BIPOLAR UNIFACES derive from an indirect fracture technique that logically follows from split pebbles or cobbles. When a pebble is split, the fragments can be hemispheric, or plano-convex. Stabilize the flat surface on the anvil, and strike it above with the maul. A smaller maul is used so that the entire core does not fragment.
Using this technique, chances are that most flakes are initiated along the distal platform. The size of the maul should be smaller or else the force will tend to split the plano-convex core in half, or worse. Note that the proximal surface that receives the maul can undergo damage, most often in the form of the battered texture you have come to expect from a hammerstone.
Is this a familiar combination to you?
SPLIT PEBBLES and cobbles generate a wide array of general forms that archaeologists refer to as plano-convex. Many types of scrapers fall under this general term. Given a sphere, half of it would be a hemisphere, the classic plano-convex shape. (In contrast, bifaces are most often associated with the term bi-convex.)
During the course of experimenting, and with the pile of plano-convex pieces lying about, the idea arose to place their relatively flat surfaces on an anvil and strike the convex (dome) surface with the maul. In science we call this kind of decision: hit it and see what happens.
The forms and phenomena associated with this reduction technique are showcased in the pages ahead. Materials vary, ranging from industrial glass to cryptocrystallines to quartzites and igneous rocks. Each specimen is positioned in the way it was struck: the top of the core is the proximal region, the bottom of the core is the distal. None of the pieces were ever used. The edge patterns were all generated by production vectors.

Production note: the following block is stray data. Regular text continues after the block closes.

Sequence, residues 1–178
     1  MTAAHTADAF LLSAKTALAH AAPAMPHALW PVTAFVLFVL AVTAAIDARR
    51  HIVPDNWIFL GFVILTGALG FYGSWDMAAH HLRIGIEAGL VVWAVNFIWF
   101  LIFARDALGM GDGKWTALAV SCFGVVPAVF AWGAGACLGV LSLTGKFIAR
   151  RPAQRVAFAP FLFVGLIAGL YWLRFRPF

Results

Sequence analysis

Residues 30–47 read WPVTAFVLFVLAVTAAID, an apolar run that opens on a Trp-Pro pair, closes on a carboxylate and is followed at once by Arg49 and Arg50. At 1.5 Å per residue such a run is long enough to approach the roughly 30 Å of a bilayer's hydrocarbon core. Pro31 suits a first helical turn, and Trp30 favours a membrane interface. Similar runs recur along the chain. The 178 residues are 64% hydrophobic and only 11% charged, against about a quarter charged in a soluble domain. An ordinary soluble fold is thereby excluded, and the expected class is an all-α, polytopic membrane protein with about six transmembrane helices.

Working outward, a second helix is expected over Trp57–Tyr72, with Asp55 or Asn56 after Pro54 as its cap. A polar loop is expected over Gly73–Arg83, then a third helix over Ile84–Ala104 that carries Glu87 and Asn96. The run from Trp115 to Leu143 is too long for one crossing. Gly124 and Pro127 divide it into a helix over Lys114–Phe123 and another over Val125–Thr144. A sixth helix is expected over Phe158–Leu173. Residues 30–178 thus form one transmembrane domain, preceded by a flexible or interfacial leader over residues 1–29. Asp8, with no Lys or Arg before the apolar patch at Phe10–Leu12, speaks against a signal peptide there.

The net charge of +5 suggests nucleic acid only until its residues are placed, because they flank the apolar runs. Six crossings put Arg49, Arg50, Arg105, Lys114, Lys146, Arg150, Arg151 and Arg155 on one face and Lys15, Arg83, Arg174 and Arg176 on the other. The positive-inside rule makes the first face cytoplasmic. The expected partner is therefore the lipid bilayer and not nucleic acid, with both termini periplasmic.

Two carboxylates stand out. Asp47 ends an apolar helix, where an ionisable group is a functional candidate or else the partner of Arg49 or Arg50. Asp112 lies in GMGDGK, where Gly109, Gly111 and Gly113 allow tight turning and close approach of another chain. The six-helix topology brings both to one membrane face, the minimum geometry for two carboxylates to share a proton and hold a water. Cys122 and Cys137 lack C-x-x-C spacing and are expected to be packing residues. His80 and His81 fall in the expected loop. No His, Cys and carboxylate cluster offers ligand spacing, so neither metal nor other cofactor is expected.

Fracture patterns generated by the distal rebound force will be chronicled first, with an emphasis on the edges in contact with the anvil. A range of flake scars along the periphery of the distal edge could be mistaken for evidence of function, e.g. use-wear. In the cases of serrated, denticulated or notched edges -- all of which occur naturally and occasionally in multiple flake releases -- these forms could be mistaken for styles. The traditional way of looking at denticulated edge types is that each flake was removed intentionally, one at a time; hence subject to style. The results of bipolar experiments on plano-convex cores shows that edges can mimic signatures of use and style.
There were occasions where fracture was instigated from the proximal region, often leaving behind bulb remnants and features extending toward the core's distal region. These specimens will be compared to several possible artifacts picked up along the terraces of San Diego's river beds.
The first example was made from industrial glass (1, 2), or slag. It approximates obsidian, with analogous fractures and force features.
Another instructional piece is called the breadloaf with all sections generated from the proximal region as shown by the series of "sliced bulbs." The material is basalt.
Georgetown flint from Texas was some of the sweetest material around. It did not have to be heat-treated. The quarry was blown up by miners during the late 70s. Chunks and pieces were picked up by the local knappers at the time who generously gave me a few pieces. Like most cryptocrystalline materials subjected to this process, a denticulated or notched appearance commonly developed along the distal periphery, occasionally generating spurs.
A complete listing of the photos of these materials begins on the next page.
A series of reductions of quartzite pebbles and cobbles provide a more complete context of the reduction process.